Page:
I think it has to do with my upbringing and my childhood. In every city I lived in growing up, my mother was a docent at the local museum – at LACMA, the High Museum in Atlanta, in Montreal… As a teenager, I was often depressed and culture was always a pleasure for me. Culture can be an antidote to malaise and helps us to understand ourselves, to reflect society.

I also think the arts have a lot to teach all types of people and I’m proud that my books are read by business people who want to understand the art ecosystem, or by creative non-fiction classes wanting to learn more about how to convey their case studies.

Also, I’m a structure fetishist at heart.

I am very interested in social structures, hierarchies, and demographics among sub-cultures such as artists. In many ways, Seven Days was an ethnography of the extreme elite in this country, and it offered a lot of irony and humor, and captured some of the class anxieties between artists, which are subtler.

Artists are obsessed with hierarchies too. I’m interested in talking to artists about that, how they work within this system or resist it. It’s also really telling when certain artists pretend it doesn’t exist. Their refusal to acknowledge it is a form of game-playing too.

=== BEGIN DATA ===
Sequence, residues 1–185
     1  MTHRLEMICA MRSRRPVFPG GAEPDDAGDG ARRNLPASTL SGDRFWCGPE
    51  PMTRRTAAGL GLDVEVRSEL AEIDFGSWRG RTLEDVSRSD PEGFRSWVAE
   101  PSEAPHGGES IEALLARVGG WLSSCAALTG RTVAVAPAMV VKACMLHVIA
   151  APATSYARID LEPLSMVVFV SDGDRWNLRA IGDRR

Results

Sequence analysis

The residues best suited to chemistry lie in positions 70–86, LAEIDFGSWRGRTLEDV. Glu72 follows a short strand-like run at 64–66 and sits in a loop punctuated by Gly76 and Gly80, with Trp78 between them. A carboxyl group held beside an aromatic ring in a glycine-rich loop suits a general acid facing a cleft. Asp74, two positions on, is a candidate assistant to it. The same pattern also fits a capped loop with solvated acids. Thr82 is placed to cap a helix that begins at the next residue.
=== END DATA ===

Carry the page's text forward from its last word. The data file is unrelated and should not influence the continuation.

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In Seven Days, John Baldessari says that artists should wear badges on their shirts like soldiers, to declare their rank within the system that everyone is aware of, but few ever acknowledge.

Most of all, I am interested in opening up art sub-cultures and making them accessible to all sorts of people who want to understand them, who want to be included.

As an art writer, I love the challenge of deconstructing widely held myths about artists and I appreciate the rigor in which you have approached this topic through hundreds of interviews. What did you learn about artists in writing 33 Artists in 3 Acts that you didn’t know before? What was surprising or enlightening about this process for you as an academic?

One surprise was how often the artists I interviewed in 33 Artists run their careers like a family business. I had no idea how many famous artists today have parents who were also major artists – like Ai Weiwei, KD Noland, and Andrea Fraser… In many other cases, the artist’s parents were in a related field, like interior design. The notion that artists tend to fall “far from the tree” is false. There are vertical affinities between parents and children who become artists, although the way that offspring have reacted to their artist-parents is interesting to consider.

Another surprise was that successful artists build their persona and identity the same way they create their art.